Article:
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ARTICLE |

Intussusception Following Intestinal Intubation

WILLIAM J. MERSCH, M.D.; MELVIN A. BLOCK, M.D.
Arch Surg. 1960;81(6):887-889. doi:10.1001/archsurg.1960.01300060033007.
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Since its introduction into the practice of surgery in 1934, the long intestinal tube has been of inestimable value in the treatment of various afflictions of the intestinal tract.1 It has been especially valuable in the preoperative and postoperative care of patients undergoing intestinal surgery. However, like any instrument or procedure used in the practice of medicine, the long intestinal tube occasionally has unpleasant and undesirable side-effects associated with its use. Most of these complications are of little consequence and are transient; some, however, are serious and even life-threatening to the patient.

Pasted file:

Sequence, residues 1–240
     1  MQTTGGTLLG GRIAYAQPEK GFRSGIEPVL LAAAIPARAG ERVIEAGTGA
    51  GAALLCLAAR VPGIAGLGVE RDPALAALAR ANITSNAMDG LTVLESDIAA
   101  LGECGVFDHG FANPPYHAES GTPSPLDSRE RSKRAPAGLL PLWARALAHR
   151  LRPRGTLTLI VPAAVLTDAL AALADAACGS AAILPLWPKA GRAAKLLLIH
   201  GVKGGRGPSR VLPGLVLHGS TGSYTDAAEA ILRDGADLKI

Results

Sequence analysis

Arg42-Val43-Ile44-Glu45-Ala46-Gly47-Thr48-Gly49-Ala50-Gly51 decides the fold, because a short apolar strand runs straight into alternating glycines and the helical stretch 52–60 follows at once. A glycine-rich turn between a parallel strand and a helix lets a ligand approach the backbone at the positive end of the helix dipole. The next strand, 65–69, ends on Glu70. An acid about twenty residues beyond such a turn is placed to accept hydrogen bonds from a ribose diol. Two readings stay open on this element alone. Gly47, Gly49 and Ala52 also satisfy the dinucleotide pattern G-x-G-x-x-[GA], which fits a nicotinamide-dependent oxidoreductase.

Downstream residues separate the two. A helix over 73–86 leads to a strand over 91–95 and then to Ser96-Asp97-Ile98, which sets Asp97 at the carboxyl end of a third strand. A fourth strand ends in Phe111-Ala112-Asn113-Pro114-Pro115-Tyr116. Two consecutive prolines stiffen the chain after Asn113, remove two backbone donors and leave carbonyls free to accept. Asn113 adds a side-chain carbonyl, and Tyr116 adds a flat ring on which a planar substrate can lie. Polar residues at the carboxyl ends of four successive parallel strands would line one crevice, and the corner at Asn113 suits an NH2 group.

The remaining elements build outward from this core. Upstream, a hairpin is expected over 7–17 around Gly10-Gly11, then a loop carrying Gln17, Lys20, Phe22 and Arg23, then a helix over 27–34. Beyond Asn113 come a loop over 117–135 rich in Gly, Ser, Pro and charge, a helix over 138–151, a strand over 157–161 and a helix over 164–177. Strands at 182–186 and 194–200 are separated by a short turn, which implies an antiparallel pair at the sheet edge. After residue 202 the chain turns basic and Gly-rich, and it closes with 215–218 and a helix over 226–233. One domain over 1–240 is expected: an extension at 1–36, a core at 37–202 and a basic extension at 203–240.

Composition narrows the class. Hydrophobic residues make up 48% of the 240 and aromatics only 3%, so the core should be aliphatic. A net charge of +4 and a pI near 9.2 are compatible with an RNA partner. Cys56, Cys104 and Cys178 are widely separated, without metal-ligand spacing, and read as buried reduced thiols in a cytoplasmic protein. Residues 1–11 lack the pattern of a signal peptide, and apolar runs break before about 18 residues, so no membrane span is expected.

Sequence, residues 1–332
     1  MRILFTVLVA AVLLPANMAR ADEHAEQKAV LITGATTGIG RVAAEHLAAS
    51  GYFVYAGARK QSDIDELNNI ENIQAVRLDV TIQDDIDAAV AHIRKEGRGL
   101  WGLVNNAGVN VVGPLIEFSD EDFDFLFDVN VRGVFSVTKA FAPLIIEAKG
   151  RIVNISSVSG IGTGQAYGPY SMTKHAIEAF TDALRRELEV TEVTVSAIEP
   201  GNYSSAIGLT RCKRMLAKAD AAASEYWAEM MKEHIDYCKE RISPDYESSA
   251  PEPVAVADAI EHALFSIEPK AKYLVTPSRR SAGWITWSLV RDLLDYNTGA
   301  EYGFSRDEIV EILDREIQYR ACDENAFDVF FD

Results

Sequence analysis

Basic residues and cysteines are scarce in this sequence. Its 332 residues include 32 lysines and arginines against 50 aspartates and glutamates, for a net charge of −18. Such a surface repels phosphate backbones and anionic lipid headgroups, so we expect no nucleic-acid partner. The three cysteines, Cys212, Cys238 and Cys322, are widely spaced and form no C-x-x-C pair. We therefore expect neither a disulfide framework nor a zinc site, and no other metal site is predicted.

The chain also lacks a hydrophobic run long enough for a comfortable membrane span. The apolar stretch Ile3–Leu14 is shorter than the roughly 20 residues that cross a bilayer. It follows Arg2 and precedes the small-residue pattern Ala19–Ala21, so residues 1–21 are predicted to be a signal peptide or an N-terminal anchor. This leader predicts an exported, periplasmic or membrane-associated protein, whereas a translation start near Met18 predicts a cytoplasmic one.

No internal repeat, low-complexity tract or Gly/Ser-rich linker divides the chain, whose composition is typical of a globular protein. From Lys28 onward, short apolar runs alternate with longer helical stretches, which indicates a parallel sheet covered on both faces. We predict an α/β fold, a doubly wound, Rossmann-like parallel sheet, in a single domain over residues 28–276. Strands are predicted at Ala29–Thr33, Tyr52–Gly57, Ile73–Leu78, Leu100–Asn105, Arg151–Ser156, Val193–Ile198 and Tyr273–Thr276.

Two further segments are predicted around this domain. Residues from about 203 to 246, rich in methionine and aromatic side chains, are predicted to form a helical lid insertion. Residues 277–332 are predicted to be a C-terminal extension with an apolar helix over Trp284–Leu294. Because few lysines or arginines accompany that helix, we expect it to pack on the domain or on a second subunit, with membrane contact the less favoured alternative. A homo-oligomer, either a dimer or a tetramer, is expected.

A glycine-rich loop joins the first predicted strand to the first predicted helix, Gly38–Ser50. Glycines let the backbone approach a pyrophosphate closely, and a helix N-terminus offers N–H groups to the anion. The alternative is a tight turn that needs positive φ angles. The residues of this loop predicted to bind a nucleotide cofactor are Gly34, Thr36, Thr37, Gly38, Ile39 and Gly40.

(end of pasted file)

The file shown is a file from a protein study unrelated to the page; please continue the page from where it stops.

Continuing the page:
A few of the complications reported following use of the long intestinal tube include: intestinal obstruction from distention of the mercury-filled bag or from intussusception; inability to withdraw the bag and tube from the ileocecal valve; pressure necrosis and perforation of the intestine; tearing of the intestinal wall during removal of the tube; knotting of the tube;

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